|You might as well burn your books than be in publisher hell.|
"It could ruin your future writing career," a writer friend said.
"It might make you sound like you're a nightmare to deal with," said another.
Of course I thought about it. These guys know what they're talking about. They were concerned about me. But, in the end I decided that I had to write this blog because other authors deserve to know what they might get into if they sign up with this publisher. And how can they know anything if authors don't share information?
When John Hunt Publishing offered me a contract, I looked around the web for information and found very little. I wish I'd known then what I know now because my relationship with them was a nightmare.
It started off well enough. Their readers' reports were extremely positive. Comments like "what's not to love here" and "this could sell in the thousands." And, I had a right to have high hopes. I’m an award-winning writing and have been writing for 20-odd years.
- The database had important details missing like email addresses, phone numbers and contact details.
For example, over a number of months I worked towards getting my book Hell To Pay featured in a top newspaper with a 250, 000 readership. I knew 2 weeks in advance that my book would be featured and told the marketing department. I stupidly thought because the book was set in
I felt demoralised. That my time had been completely wasted. That my publisher they didn't care about whether my book sold or not.
I was contacted by several people who saw my book and told me they tried to buy my book in a store and it wasn't for sale.
John Hunt Publishing missed a golden opportunity to sell more books.
Note - I could have contacted bookshops myself, but my royalty on paperbacks was 10 percent and the publisher's was 90 percent.
They wrongly spelt my surname on all the book sites and I had to get it changed myself. That was made more difficult because it was the publisher who were meant to make changes, not the author.
For instance, Throwaways, my novella about murdered
They have a closed online forum for authors and after repeatedly being ignored about certain issues, I started to post on the Facebook page - a few posts, written in a friendly way - that's when without a word I was kicked off FB and the JHP forum with no explanation after one of the head honchos at the publisher accused me of "aggressive and bullying behaviour." I asked others on the page if they thought that had been the case and nobody did.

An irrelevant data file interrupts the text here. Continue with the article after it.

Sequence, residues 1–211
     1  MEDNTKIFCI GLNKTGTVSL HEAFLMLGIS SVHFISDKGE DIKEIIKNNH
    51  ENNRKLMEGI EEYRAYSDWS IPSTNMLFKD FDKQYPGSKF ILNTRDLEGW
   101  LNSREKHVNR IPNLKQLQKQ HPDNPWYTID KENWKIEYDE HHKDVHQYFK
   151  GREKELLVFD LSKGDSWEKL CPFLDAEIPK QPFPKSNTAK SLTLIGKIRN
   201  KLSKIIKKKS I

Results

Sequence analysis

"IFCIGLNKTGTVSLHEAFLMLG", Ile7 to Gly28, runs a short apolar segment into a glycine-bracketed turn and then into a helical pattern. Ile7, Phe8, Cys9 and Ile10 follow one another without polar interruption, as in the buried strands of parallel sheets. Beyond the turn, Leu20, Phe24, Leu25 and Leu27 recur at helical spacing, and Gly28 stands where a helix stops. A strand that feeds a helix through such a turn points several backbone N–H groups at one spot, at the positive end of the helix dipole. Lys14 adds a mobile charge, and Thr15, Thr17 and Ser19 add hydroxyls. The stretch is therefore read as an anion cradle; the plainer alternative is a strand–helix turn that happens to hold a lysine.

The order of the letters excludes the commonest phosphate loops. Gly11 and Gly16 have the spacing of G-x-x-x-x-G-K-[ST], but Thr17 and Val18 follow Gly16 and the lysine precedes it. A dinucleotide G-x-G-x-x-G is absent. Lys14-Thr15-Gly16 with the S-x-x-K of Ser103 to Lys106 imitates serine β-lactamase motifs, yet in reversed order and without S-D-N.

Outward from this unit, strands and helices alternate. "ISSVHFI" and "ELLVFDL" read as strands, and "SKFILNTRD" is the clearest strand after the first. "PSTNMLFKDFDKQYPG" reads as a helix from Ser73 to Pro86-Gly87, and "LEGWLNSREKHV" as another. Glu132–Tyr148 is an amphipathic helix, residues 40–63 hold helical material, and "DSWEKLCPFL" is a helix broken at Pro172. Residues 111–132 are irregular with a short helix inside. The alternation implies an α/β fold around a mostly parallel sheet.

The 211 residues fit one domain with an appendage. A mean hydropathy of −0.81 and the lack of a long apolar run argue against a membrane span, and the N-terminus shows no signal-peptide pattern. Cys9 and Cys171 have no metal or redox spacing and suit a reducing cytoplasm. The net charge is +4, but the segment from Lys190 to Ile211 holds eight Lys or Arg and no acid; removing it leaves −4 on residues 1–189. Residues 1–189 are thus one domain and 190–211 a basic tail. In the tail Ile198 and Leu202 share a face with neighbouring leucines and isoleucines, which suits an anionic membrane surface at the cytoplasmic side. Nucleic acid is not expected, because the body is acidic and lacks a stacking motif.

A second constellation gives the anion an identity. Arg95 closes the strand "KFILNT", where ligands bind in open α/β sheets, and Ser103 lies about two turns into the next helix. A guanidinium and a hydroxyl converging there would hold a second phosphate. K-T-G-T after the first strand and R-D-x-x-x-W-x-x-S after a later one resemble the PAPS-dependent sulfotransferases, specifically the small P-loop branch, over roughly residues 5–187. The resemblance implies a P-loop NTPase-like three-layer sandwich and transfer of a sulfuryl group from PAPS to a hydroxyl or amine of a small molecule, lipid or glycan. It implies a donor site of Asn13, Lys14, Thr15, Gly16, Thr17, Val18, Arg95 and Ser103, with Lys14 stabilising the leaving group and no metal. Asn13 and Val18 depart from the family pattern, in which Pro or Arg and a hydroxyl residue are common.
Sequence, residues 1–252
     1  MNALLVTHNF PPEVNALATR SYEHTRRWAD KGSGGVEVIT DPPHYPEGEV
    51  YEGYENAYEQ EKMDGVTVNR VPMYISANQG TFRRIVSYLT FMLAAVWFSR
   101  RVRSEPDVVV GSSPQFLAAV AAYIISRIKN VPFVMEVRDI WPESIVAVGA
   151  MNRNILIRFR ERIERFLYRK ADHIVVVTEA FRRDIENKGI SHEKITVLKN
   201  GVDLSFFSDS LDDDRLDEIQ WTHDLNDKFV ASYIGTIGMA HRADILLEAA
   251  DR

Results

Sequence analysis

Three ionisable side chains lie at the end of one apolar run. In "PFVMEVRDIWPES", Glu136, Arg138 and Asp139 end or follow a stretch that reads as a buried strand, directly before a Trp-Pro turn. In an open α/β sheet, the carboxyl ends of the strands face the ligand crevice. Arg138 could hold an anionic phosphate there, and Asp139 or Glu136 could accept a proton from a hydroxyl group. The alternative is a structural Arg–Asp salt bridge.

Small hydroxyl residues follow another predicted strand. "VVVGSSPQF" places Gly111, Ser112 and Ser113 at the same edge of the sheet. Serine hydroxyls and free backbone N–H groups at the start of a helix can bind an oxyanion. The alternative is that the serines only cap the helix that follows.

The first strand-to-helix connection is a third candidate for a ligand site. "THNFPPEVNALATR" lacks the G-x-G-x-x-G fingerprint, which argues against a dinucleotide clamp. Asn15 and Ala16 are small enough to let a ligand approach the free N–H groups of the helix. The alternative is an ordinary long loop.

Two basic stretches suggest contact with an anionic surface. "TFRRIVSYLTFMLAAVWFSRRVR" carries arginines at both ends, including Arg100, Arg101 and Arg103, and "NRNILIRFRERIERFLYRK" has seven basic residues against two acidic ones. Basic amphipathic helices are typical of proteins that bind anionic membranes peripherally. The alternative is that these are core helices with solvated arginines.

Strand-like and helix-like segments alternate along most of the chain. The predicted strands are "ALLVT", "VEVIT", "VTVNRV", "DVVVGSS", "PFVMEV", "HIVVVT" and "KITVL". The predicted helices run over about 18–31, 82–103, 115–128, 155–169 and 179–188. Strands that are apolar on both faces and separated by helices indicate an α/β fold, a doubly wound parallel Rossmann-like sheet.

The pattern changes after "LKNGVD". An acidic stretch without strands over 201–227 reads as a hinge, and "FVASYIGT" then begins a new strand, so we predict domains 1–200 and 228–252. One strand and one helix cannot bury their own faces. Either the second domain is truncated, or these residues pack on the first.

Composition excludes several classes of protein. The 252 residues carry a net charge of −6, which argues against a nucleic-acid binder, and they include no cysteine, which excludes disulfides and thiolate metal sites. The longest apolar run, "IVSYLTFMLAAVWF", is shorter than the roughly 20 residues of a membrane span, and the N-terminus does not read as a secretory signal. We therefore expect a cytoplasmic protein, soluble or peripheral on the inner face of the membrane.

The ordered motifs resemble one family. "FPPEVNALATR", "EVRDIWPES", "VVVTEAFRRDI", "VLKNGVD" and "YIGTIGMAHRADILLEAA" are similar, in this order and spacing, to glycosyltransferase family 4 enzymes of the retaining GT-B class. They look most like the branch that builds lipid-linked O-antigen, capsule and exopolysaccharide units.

Before they signed me up, they made it sound like they only asked for contributions when the book in question was niche, but once I was allowed onto the forum I discovered there was a very high amount of authors who'd paid huge sums, despite what the publisher claimed. And those books were far from niche. One was even entered for a fiction award by the publisher.
Many authors queried their contracts on the online forum and those contracts seemed to average 2-3 thousand pounds. Note - that was just for editing. They also paid for marketing. One author I know spent over £4, 000 in total.
To me, that's a publisher taking advantage of an author's dream at a time when very none of the big publishers accept contributions unless you have an agent.
No, I'm not kidding. Both my novellas cost around £60. It was deducted from royalties.
NO LEGITIMATE PUBLISHER SHOULD CHARGE TO CONVERT YOUR BOOK.
Later on, they came up with the bright idea of charging £100 to put your book into print. Yeah, really. After complaints they decided not to go ahead.
- I believe John Hunt Publishing take advantage of the lines being blurred between vanity presses and self publishing. They charge for many authors’ services like editing and marketing.
1. If a publisher has contracts where you contribute financially (on any level) avoid them like the plague. They're a vanity publisher.